Posted by: A Richie | May 16, 2014 9:09 AM    Report this comment

As one person wrote, this is just the tip of the iceberg. The flying we know will be greatly impacted by the UAV. This is BAD NEWS for General Aviation flying. The military will be able to work around it. The airlines will have regulations protecting their airspace. The greatest negative impact will be on the rest of us who have to share airspace with (or lose airspace to) unmanned aircraft. We will look back and long for the days before UAVs made flying more dangerous, more difficult and more restricted for us. This will not be a good thing...regardless of all the empty promises now.

Posted by: EDWARD COLE | May 16, 2014 9:10 AM    Report this comment

There will be mid-airs with drones, too. The drone operators will feel bad as they go get a cup of coffee. But, they'll chalk it up to "the cost of doing business." This will take on a life of its own...and it won't be pretty... This is one time that we should hope for strenuous restrictions, regulations and heavy fines from the FAA toward the UAV and their operators... But they still won't have any "skin in the game."

Posted by: EDWARD COLE | May 16, 2014 9:16 AM    Report this comment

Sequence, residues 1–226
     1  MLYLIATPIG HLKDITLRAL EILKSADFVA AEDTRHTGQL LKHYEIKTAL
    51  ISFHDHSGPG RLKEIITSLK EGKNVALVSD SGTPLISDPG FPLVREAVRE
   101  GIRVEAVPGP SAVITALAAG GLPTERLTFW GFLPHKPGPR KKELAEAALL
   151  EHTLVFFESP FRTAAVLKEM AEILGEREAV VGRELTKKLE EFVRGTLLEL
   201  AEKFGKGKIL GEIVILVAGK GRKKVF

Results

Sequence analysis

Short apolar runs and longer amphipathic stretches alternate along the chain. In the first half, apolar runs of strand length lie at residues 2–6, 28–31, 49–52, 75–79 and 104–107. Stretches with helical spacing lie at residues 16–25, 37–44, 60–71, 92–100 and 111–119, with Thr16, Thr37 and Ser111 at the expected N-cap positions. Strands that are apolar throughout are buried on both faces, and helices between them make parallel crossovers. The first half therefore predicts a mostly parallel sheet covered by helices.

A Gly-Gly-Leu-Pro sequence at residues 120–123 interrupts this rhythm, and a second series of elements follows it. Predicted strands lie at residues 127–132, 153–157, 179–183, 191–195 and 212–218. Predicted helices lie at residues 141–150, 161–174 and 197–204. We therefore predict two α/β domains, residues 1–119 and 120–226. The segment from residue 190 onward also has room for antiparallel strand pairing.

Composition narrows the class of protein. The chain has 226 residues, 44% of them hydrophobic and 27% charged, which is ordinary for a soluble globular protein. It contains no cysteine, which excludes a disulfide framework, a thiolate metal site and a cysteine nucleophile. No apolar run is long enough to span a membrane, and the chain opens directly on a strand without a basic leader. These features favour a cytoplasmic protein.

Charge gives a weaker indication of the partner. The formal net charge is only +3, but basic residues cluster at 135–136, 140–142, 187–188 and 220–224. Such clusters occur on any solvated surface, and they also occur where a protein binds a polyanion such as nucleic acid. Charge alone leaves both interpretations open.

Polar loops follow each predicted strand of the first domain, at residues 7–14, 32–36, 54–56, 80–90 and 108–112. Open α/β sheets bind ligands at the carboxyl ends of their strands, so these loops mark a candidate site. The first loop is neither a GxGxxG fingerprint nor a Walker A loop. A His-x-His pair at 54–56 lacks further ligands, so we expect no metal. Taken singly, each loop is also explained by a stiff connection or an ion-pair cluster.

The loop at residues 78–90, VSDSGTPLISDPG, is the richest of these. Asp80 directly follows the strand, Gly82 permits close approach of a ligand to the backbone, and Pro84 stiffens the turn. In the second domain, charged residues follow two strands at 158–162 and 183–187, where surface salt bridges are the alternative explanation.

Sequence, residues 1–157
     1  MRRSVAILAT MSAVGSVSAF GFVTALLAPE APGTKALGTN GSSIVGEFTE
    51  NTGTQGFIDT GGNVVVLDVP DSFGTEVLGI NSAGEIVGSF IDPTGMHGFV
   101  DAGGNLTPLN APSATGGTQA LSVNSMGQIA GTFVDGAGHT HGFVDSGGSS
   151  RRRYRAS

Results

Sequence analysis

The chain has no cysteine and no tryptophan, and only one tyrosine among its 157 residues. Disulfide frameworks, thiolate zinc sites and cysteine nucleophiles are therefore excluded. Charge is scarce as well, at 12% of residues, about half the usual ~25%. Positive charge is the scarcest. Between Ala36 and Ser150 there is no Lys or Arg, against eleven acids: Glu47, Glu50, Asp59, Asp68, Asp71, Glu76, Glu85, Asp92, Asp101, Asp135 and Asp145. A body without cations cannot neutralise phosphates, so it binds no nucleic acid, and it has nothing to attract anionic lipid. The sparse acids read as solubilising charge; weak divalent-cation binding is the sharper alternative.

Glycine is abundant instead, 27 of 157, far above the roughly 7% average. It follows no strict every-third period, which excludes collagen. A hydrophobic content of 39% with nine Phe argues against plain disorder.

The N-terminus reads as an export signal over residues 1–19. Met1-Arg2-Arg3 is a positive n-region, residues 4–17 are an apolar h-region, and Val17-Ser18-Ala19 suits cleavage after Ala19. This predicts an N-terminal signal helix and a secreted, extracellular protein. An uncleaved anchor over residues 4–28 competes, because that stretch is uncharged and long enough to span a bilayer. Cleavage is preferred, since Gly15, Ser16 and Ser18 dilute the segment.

I was pretty much drone-neutral until I saw the Pirker video. I can just imagine being in a town with swarms of drones, flown by people with varying degrees of skill and intent. That video brought to mind aerial skateboarders texting with one hand and controlling (sort of) a drone with the other. One may well need a Kevlar umbrella. The drones are coming; the FAA is only one of any number of federal, state and local agencies that are going to be involved with handling the fallout.

Posted by: Richard Montague | May 16, 2014 10:57 AM    Report this comment

As a helicopter pilot in the aerial news gathering business I can foresee small UAVs operating in the same airspace as I do. For this reason alone I feel that regulation cannot come soon enough. Certainly sense-and-avoid technology should be in place before any commercial UAV operations are allowed where they may be in close proximity to manned aircraft. Small UAVs have already been used to cover news stories and, although the FAA is "looking into" these operations, the presence of small UAVs is a clear obstacle to safe flight operations by manned aircraft in the often congested airspace over a major news event. A question that occurs to me is: what happens when a UAV operator enters and operates within a TFR set up for fire, police activity, national security or disaster relief? My initial read of the Pirker decision is that such an act, which would be a violation of FARs for me, may not even be actionable in many cases for a UAV operator. This would place me at a definite disadvantage from a business standpoint, but that issue is rather unimportant compared to the obvious safety implications.